Eggs have endured years of controversy. Demonized for their cholesterol and saturated fat content, eggs (especially yolks) have been stricken from the diets of heart patients and diabetes patients for decades. Despite shaky evidence (at best) that dietary cholesterol and saturated fat lead to heart disease or weight gain, this treatment of eggs has become the convention in the biomedical world.
The truth is that the egg is a magical, wonderful, complete food. It’s a great source of important nutrients that should be part of any healthy diet including omega 3s, fat-soluble vitamins, and antioxidants. In fact, cholesterol and saturated fat should ALSO be part of any healthy diet, contrary to popular belief, as they are vital for proper brain function, hormone production, and cellular integrity.
Unfortunately there’s a catch.
Not all eggs are created equal. Some eggs are far superior to others in the density of the nutrients I just listed, while the inferior eggs are laid by mistreated, debeaked hens who are literally fed insecticides to mitigate their atrocious living conditions (insecticides that surely end up in your grocers’ conventional egg cartons).
The Pastured Egg
You may have noticed a new category of eggs gracing the shelves of your local market — the pastured egg. Chickens laying eggs on pasture are not just free to roam inside a crowded barn with dirt floors (cage-free); they’re free to bask in the sun, scratch at the dirt to find grubs, eat green plants, and walk away from their own excrement at their will. They are not debeaked, fed antibiotics or insecticides, forced into ridiculously tight quarters, or denied sunlight (vital for vitamin D production in the eggs). Eggs laid by chickens on pasture are several times more potent in nutrients than their factory-farmed counterparts, because they are living the lives a chicken is meant to lead, eating the foods a chicken is meant to eat.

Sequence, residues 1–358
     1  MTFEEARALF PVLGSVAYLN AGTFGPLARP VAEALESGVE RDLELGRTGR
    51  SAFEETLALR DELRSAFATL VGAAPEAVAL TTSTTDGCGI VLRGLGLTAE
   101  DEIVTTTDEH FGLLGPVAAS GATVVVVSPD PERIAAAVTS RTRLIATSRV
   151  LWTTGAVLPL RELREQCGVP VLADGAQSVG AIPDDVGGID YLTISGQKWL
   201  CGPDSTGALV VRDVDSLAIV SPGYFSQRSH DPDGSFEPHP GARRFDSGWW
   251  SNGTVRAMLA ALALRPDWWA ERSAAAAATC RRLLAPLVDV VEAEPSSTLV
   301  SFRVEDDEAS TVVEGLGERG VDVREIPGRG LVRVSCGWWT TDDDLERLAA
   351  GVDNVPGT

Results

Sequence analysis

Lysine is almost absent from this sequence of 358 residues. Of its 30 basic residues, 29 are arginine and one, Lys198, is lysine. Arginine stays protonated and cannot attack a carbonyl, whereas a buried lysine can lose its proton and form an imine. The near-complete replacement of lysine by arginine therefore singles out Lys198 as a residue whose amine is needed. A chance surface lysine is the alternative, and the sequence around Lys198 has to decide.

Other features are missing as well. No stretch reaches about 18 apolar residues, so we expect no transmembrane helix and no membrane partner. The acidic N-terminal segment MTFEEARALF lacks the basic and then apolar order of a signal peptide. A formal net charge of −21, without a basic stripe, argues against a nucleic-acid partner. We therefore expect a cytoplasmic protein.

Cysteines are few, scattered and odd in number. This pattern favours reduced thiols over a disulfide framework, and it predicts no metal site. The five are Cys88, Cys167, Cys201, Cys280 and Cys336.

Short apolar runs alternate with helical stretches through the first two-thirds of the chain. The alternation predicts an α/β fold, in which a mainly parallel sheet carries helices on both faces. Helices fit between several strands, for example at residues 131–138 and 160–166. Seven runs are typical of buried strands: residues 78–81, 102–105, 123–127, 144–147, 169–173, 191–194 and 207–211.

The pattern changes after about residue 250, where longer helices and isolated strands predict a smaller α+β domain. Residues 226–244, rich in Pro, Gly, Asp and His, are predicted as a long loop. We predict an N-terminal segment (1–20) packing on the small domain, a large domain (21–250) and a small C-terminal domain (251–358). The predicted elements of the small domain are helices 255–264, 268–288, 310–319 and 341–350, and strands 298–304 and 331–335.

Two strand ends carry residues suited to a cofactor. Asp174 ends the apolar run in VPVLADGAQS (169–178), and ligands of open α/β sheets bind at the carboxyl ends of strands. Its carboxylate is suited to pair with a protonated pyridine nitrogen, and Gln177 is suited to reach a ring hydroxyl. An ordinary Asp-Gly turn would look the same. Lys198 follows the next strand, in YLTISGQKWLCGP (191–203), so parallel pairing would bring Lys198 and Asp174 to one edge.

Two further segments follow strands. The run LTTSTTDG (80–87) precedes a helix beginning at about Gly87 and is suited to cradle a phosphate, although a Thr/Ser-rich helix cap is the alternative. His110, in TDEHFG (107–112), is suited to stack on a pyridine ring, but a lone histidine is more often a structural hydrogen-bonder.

Knowing where your food comes from is a major step in taking charge of your health. Too often we’re so far removed from food production that when we get to the market, we let only the price tags guide us. I encourage you to stop and think about the practices employed to get food on your table each day — especially animal products — and to use THAT as your guide instead. At the end of the day, the slightly higher price will right itself 20-fold in the form of less doctor’s visits and a reduction in chronic diseases that require expensive maintenance.
Check out this infographic to find out how these delectable bright orange-yolked eggs measure up to their factory-farmed counterparts. You might be surprised at what you learn. (click on the infographic to open it in a new window)
Be sure to check back next week for an awesome frittata recipe that features pastured eggs from backyard chickens in Santa Rosa!
Typically you can find pasture eggs at farmers’ markets, but it’s also a good idea to make friends with someone who raises chickens in their backyard, find a local farmer who raises chickens (easy to find on the side of the road in many parts of rural California), or order them from a farm like this one. When I buy eggs at the store, I look for Vital Farms eggs — here’s a great map tool to help you find Vital Farms eggs near you.
Have you seen pastured eggs at your local grocery store? If not, do you know where to find pastured eggs in your area?